The Department of Corrections and Rehabilitation hit the Dakota Womens Corrections and Rehabilitation Center in New England with two surprise audits in the span of a week.
The first audit, Jan. 24, was announced to the DWCRC warden, Rachelle Juntunen, the morning after she testified to a House subcommittee about the governor’s sudden plan to close the correction facility in New England.
Seven officials from the DOCR and office of Facilities Inspections arrived for the first audit.
Four more state officials participated in a second audit on Jan. 31.
The result was the surprise audits claimed to have found 14 deficiencies.
According to the warden, in neither case was she notified of the findings or shortcomings reportedly found in the audits until she was surprised with the results almost two weeks later.
The results were used in Bismarck Feb. 11 during a House committee hearing when it was announced that the DWCRC had 14 major deficiencies uncovered by the audits.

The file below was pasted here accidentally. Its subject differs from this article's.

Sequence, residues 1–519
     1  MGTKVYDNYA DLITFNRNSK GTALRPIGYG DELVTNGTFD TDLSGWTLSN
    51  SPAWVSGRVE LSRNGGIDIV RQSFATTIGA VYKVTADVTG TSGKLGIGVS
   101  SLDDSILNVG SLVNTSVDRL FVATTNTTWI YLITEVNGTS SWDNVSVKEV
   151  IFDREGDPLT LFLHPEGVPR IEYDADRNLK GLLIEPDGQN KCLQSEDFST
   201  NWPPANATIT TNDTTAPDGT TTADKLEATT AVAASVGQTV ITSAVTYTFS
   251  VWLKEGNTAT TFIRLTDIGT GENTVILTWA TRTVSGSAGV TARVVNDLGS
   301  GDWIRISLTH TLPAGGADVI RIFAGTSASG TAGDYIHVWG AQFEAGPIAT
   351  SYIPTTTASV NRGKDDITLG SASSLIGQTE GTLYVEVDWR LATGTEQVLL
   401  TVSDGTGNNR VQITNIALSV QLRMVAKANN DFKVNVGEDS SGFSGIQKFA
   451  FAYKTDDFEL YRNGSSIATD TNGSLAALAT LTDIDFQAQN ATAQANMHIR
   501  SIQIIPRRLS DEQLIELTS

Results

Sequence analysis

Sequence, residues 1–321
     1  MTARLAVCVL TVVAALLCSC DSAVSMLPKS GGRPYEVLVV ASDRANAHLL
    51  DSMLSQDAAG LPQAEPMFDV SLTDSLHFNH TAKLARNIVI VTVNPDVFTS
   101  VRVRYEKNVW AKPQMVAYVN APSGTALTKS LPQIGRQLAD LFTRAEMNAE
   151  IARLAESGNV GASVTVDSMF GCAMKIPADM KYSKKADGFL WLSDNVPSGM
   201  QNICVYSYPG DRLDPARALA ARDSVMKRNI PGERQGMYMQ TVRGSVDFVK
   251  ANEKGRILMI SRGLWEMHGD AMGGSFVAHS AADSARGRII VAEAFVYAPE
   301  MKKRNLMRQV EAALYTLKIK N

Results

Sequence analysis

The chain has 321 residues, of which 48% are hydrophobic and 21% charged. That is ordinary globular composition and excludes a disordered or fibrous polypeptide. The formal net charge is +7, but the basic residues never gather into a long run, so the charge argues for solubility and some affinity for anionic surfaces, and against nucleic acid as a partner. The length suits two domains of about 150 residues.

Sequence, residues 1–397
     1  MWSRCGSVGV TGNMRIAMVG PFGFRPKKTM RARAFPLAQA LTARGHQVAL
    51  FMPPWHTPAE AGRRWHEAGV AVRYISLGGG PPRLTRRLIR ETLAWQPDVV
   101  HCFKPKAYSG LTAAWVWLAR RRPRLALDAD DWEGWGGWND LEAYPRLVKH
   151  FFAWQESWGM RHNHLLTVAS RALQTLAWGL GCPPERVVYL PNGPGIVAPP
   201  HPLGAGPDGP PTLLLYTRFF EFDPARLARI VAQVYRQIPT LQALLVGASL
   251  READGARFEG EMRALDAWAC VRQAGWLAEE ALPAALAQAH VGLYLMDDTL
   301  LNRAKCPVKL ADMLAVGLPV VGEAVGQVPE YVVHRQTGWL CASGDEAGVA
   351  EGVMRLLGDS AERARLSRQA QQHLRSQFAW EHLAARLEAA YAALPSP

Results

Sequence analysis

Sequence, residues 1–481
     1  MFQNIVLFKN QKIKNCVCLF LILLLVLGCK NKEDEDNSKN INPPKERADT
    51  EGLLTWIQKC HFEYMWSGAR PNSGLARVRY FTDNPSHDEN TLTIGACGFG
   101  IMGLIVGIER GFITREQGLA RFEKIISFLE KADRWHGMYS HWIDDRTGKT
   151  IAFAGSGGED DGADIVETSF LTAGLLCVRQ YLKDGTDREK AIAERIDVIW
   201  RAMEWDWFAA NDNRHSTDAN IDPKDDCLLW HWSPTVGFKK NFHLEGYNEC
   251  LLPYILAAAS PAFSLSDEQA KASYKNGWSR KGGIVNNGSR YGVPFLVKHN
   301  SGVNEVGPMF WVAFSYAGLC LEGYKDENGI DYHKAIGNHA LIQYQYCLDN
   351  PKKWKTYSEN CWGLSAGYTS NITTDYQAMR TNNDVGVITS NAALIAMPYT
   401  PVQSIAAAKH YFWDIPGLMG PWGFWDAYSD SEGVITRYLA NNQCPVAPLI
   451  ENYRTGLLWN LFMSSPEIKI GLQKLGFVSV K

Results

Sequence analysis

According to the warden, what was interesting was an audit less than a year ago found ‘no significant issues’.
with the facility.
In addition, the warden commented that some of the deficiencies were listed twice and most involved documents.
In addition, the state officials cited a lack of medication-assisted therapy that they claimed was required.
That was never mentioned in earlier audits and the warden said the DWCRC officials were instructed to remove plans from budget requests years ago.
According to the warden, several of the deficiencies involved documents reportedly asked for prior to the audits – specifically, an education schedule, mission statement, New England Public School welding contract and a North Dakota DHS program license.
According to John Plaggemeyer, the chairman of the six-county consortium which administers the facility, the way the audits were handled tells a lot about the people and the reasons they were done.